“People are confused about what journalists do,” Palka said. “It’s not a bias to ask questions of people in power. It’s our job.”

According to Gibbons, “It’s not personal…I’m asking the question not to be rude but to get to the truth.”

But in this time of extreme polarization, truth depends on who is looking for it. Journalists and scientists who study these things agree. Most people choose news sources that validate their beliefs. They seek fewer news sources that disagree with their perspective.

The panelists expressed hope, despite these challenges. “The enemy of the people will change once Trump is out of office. That rhetoric will die down,” said Gibbons.

Gordon put a different spin on Trump’s slogan: “In a weird way, America is being made great again in that we’re being forced to step up and fact check. It’s a call to arms,” she said. “Stop doing celebrity news and start doing what the American people need to know.”

The biggest challenge is to regain the trust of the people and, said Gordon, “make yourself indispensable to the community.”

The best way to do that, she said, is to get it right.


Social media is changing the relationships between companies and consumers

By Frank Goodin
Instructor of Multimedia Production, Department of Communication

Jennifer Radke speaking at State of Social Media   
 Jennifer Radke, CEO of the National Institute for Social Media, appeared via web-conferencing and talked about the importance of branding yourself.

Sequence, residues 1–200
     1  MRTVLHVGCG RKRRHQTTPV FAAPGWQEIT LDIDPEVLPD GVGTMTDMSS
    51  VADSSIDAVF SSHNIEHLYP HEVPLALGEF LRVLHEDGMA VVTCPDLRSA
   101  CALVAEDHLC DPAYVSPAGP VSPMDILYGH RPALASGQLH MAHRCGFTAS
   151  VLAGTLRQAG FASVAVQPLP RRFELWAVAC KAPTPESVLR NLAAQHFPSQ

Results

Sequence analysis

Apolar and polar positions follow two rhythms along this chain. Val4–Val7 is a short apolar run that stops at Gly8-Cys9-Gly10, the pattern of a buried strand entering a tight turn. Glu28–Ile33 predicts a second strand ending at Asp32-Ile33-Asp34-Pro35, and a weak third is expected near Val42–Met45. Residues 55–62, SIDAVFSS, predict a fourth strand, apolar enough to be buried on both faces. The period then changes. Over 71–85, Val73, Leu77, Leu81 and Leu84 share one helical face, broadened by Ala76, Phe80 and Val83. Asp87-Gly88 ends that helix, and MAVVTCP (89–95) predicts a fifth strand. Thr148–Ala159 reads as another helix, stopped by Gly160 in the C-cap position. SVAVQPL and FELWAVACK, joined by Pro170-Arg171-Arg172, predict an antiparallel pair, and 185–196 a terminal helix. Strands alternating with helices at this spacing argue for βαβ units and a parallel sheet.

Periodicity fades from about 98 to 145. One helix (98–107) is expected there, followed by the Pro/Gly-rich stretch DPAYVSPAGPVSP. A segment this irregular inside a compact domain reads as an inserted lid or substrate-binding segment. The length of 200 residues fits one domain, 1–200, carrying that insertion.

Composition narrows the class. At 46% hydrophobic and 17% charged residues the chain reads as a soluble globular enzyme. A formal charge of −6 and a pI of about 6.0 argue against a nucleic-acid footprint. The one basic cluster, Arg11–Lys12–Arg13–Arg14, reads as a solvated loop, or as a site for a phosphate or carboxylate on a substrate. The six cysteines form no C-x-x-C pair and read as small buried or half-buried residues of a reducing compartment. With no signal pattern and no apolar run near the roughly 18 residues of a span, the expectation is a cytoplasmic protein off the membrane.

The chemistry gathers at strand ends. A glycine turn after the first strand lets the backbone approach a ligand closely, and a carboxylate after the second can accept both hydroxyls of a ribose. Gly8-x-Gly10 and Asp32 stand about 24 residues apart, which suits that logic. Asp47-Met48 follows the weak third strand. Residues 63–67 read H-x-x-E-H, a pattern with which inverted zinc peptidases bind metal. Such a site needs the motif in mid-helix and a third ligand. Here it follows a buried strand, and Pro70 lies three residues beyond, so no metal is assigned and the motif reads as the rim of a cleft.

"We as consumers have more power than ever before," said Dr. Margaret Stewart, assistant professor of Communication Studies. “We used to talk about word of mouth, but now we have electronic word of mouth. This gives us the ability for our opinions, through the comments we make, to go viral so quickly that it changes the relationship between brands and consumers. It can be very empowering."

This was just one of the many observations and insights on the latest trends in social media made by several industry leaders at the final event of Media Week 2018, “The State of Social Media,” on Oct. 26. The panel included Ashton Elder from EXIT 1 Stop Realty; Audrey Lane Seymour with the Mayo Clinic; Daniel Burstein with MECLABS Institute; Danny Monzon of DM Digital; Jennifer Radke, CEO, National Institute for Social Media; and Stewart.

"Social media has given the ability for creative, independent business owners to compete with national brands, and I think that's awesome," Seymour said.

The panelists pointed out how quickly things change in the social media environment, and how those changes affect business. Elder discussed how changes impacted her at EXIT 1 Stop Realty.